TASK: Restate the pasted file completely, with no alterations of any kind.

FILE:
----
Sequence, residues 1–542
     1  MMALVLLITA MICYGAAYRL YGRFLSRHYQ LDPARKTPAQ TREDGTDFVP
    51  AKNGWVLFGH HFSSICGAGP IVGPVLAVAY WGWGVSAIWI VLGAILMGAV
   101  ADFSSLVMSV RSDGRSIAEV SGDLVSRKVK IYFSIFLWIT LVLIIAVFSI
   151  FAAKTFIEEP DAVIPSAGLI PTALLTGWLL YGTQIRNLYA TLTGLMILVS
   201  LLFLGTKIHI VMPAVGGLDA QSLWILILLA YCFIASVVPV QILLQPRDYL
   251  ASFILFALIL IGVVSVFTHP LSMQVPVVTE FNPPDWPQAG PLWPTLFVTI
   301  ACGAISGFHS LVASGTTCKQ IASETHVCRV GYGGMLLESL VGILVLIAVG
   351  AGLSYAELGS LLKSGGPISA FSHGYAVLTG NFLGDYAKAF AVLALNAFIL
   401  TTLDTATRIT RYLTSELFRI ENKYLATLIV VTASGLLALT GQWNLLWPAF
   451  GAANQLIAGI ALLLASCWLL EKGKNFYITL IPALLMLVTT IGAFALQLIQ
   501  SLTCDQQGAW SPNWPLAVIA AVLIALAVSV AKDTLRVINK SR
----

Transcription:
Sequence, residues 1–542
     1  MMALVLLITA MICYGAAYRL YGRFLSRHYQ LDPARKTPAQ TREDGTDFVP
    51  AKNGWVLFGH HFSSICGAGP IVGPVLAVAY WGWGVSAIWI VLGAILMGAV
   101  ADFSSLVMSV RSDGRSIAEV SGDLVSRKVK IYFSIFLWIT LVLIIAVFSI
   151  FAAKTFIEEP DAVIPSAGLI PTALLTGWLL YGTQIRNLYA TLTGLMILVS
   201  LLFLGTKIHI VMPAVGGLDA QSLWILILLA YCFIASVVPV QILLQPRDYL
   251  ASFILFALIL IGVVSVFTHP LSMQVPVVTE FNPPDWPQAG PLWPTLFVTI
   301  ACGAISGFHS LVASGTTCKQ IASETHVCRV GYGGMLLESL VGILVLIAVG
   351  AGLSYAELGS LLKSGGPISA FSHGYAVLTG NFLGDYAKAF AVLALNAFIL
   401  TTLDTATRIT RYLTSELFRI ENKYLATLIV VTASGLLALT GQWNLLWPAF
   451  GAANQLIAGI ALLLASCWLL EKGKNFYITL IPALLMLVTT IGAFALQLIQ
   501  SLTCDQQGAW SPNWPLAVIA AVLIALAVSV AKDTLRVINK SR